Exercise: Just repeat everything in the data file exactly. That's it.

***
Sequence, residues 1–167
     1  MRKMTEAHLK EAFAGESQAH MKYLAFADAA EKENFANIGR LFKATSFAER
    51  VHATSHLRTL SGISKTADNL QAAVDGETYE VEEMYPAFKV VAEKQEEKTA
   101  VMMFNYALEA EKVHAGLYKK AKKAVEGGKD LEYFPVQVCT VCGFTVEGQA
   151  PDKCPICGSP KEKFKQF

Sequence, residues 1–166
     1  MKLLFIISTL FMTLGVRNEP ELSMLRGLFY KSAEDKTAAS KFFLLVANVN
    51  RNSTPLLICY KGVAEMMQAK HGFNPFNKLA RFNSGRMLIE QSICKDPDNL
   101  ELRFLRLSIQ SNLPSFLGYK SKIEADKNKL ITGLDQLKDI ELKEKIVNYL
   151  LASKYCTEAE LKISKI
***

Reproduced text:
Sequence, residues 1–167
     1  MRKMTEAHLK EAFAGESQAH MKYLAFADAA EKENFANIGR LFKATSFAER
    51  VHATSHLRTL SGISKTADNL QAAVDGETYE VEEMYPAFKV VAEKQEEKTA
   101  VMMFNYALEA EKVHAGLYKK AKKAVEGGKD LEYFPVQVCT VCGFTVEGQA
   151  PDKCPICGSP KEKFKQF

Sequence, residues 1–166
     1  MKLLFIISTL FMTLGVRNEP ELSMLRGLFY KSAEDKTAAS KFFLLVANVN
    51  RNSTPLLICY KGVAEMMQAK HGFNPFNKLA RFNSGRMLIE QSICKDPDNL
   101  ELRFLRLSIQ SNLPSFLGYK SKIEADKNKL ITGLDQLKDI ELKEKIVNYL
   151  LASKYCTEAE LKISKI